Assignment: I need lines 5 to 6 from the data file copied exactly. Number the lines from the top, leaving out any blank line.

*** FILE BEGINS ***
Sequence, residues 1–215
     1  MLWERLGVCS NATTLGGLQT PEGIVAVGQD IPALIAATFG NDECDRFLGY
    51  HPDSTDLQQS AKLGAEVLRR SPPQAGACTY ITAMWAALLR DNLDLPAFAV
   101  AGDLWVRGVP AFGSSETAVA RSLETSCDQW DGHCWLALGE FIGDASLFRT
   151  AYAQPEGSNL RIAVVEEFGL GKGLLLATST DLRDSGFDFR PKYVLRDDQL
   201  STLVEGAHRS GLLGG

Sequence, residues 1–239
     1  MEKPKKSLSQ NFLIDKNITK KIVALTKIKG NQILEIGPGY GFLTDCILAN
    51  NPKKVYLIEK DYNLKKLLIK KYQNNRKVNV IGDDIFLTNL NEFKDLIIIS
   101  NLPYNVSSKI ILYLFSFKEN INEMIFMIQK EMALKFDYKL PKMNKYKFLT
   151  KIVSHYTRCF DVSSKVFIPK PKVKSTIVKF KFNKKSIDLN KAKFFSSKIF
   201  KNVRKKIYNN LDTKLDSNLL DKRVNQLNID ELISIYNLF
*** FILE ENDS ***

   151  AYAQPEGSNL RIAVVEEFGL GKGLLLATST DLRDSGFDFR PKYVLRDDQL
   201  STLVEGAHRS GLLGG